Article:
There is often a distinct divide between our personal expectations and reality. One of the most common examples among those who are involved in the millions of online family trees is the expectation that the information recorded in those family trees is accurate. However, there is an exactly opposite and equally common expectation among some genealogists that all the information in online family trees is inaccurate and not supported by sources. What is the genealogical reality? I will try to answer this question as I continue writing this post.
What do I mean by the term "expectations?" I would include in this term all of the preconceived and learned information you have about what constitutes "doing your genealogy" or "compiling your family history." Behind your preconceptions and experience, there is always some core motivation. As an example, some genealogists have a religious motivation. Others do not attach any religious motivation to doing genealogical research and are merely interested or fascinated with the history of their family. In addition, there are some genealogists who are motivated by genealogy as a profession. Some genealogists spend nearly all their effort and time helping other people find their familial heritage and do very little work on their own family lines. Because an individual's motivation is highly personal, everyone has their own motivation, and sometimes an individual's motivation is a combination of many different factors.
In the past 50 years, with the advent of computers and the internet, genealogy has become a big business for a few very large genealogy companies. It is very likely that many of the employees of those companies are motivated by obtaining and keeping their jobs rather than any altruistic interest in the complex field of genealogical research. One of the more obvious developments in the genealogical world aided by the global promotion of genealogy as a potential activity for "everyone." is the idea that genealogy is simple, family-oriented, and fun. I am certain that the media advertisements for these large companies almost uniformly emphasize the simplicity of their websites and how quickly the neophyte can become a competent family historian. Most of these ads raise expectations that are far from reality. Frequently, a realization of reality comes when the newly minted genealogist finds that his or her ancestors came from a country that speaks a language different than the one spoken by the new genealogist or some other similar event that demonstrates the complexity and difficulty of genealogical research.
There is also a segment of the genealogical community that believes that genealogy is a purely academic and scholarly persuasion or professional pursuit and that those who can actually do genealogical research need to be qualified and even certified to pursue "real" genealogical research. Again, just as there are successful people in almost all human endeavors that are "self-taught," many professional-level genealogists are not recognized by any formal training organization despite the fact that there are university-level degrees in genealogy.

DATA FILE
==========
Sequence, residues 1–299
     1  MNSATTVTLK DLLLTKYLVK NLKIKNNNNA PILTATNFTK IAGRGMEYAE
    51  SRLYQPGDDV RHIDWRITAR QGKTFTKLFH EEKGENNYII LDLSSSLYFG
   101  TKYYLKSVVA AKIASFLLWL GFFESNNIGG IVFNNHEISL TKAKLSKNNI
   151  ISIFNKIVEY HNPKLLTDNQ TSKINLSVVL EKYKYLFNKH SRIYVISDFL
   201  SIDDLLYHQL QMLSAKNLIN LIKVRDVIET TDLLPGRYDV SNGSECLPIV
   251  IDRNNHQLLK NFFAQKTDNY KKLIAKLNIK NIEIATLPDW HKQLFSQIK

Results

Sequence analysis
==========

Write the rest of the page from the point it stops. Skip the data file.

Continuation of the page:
The reality of genealogy is that it is a highly complex and difficult pursuit at almost all levels. Those who expect it to be easy will almost always be frustrated by its complexity. Those who expect to make genealogy their profession will soon learn that the actual number of jobs available is very restricted and that most of the jobs with the genealogy companies do not actually have anything to do with genealogical research, they are mostly administrative positions and sales. To see a sample of what is available professionally try a Google search for "job openings in genealogy." You might also want to click on the job openings and see what the typical pay scale is for the jobs offered.
If you have professional aspirations, I suggest that you may wish to get a degree in Library and Information Science, Archives and Records Administration or other similar occupation or profession. If you want to become a professional genealogist, I suggest starting to do some research into the qualifications and business requirements. See "Becoming a Professional Genealogist" for an example. Here is a book you might want to read also.
Clifford, Karen. 1998. Becoming an accredited genealogist: plus 100 tips to ensure your success! Salt Lake City, UT: Ancestry.
Historical and genealogical research are intensely involved in libraries, archives, and online research. Some of the academic areas that are pertinent are paleography, history, languages, and geography. Most professional genealogists are also extremely experienced in some specific geographic area such as research in the Southern United States or Eastern Europe.
Here is the real question: if genealogy is so easy and fun that anyone can do it, why are there professional genealogists? Perhaps you can see some gap between generally held expectations and the reality of genealogical research. Oh, I failed to mention the complexity of DNA studies as well. I guess I will have to return to this topic sometime.